The independent commission was created by Congress to investigate the Sept. 11 terrorist attacks. The bipartisan panel is expected to produce a final report in July, including recommendations to guard against similar attacks.

Saudi Arabia's foreign policy advisor, Adel Jubeir, disputed some of the story's assertions on another talk show, CNN's "Late Edition With Wolf Blitzer."

"We see these charges or these myths being perpetrated about Saudi Arabia in order to malign our country," Jubeir said. "I believe this myth will also be dispelled when the [Sept. 11 commission] report comes out."

Jubeir said that Saudi officials had initiated negotiations with the Taliban after Bin Laden went to Afghanistan in 1996, but said it was done to persuade the Taliban to extradite the Saudi exile.

"When that failed, we reduced our ties with the Taliban, as well as our assistance to the Taliban," Jubeir said.

The Sept. 11 commission staff concluded in a report that the Saudi government didn't want Bin Laden extradited to their country. And it said it found indications that the Taliban tried to extort money from the Saudi government, with some success.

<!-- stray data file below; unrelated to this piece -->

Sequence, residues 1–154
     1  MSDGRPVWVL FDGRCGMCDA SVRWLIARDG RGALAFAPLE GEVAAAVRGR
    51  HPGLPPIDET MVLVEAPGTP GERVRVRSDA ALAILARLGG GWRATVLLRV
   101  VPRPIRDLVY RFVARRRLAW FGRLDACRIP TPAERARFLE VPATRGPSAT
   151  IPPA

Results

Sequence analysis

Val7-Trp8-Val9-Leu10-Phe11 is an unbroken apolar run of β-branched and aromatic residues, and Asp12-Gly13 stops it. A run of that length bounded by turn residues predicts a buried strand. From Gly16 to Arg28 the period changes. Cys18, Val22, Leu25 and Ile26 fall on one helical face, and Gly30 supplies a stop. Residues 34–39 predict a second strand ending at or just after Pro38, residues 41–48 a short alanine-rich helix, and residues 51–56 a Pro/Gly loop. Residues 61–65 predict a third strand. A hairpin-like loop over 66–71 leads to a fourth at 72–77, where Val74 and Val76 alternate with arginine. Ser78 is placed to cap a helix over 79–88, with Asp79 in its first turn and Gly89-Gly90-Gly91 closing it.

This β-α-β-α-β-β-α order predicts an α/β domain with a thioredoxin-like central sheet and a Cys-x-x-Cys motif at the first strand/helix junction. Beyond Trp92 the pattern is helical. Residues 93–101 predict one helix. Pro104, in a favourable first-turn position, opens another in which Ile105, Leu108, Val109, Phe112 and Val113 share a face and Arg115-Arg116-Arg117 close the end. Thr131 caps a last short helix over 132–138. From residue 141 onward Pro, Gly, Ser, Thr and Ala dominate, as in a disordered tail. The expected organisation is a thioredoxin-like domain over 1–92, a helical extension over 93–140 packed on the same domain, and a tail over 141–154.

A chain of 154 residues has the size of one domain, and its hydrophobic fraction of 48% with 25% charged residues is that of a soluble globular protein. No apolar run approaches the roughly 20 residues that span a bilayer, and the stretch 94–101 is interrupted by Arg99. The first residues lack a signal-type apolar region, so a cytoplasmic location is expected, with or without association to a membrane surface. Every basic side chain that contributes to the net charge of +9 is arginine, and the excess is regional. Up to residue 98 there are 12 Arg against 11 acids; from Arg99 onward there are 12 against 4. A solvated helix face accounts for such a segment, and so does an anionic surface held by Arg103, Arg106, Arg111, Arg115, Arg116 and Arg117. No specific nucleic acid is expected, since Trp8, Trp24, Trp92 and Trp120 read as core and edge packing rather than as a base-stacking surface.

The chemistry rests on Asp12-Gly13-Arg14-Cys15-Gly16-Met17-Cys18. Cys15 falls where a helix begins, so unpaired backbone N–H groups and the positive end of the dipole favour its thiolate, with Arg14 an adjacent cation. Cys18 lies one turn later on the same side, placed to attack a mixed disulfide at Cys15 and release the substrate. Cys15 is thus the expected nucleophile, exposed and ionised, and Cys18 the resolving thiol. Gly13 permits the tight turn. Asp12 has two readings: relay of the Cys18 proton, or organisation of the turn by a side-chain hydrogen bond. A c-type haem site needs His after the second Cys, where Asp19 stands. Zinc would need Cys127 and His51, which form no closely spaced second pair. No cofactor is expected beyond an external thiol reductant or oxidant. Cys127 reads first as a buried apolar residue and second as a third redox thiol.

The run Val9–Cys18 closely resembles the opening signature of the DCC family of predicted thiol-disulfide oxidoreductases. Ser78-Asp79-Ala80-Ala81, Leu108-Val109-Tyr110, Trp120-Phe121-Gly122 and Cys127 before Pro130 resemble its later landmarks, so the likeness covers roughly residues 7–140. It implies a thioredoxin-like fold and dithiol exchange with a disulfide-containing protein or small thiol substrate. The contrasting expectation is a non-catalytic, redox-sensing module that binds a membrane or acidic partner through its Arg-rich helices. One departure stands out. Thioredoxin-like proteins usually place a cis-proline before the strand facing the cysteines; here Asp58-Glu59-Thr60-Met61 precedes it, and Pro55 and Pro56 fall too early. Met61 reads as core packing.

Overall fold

In recent interviews, a senior Saudi official said that although Riyadh withdrew some of its diplomatic corps from Afghanistan by early 1999, it never cut off funding completely and never severed diplomatic ties with the Taliban.

Commission members Sunday repeated that they did not see evidence of collaboration between Al Qaeda and Iraq. The Bush administration has cited links between terrorists and Saddam Hussein's former regime in Iraq as one reason for invading the country last year.

Kean said the commission concluded that Al Qaeda had stronger ties to other nations than it did to Iraq.

"There were a lot more active contacts, frankly, with Iran and with Pakistan than there were with Iraq," he said.

The commission did find contacts between Al Qaeda and Iraq, but concluded that there was "no evidence that we can find whatsoever that Iraq or Saddam Hussein participated in any way in attacks on the United States, in other words, on 9/11."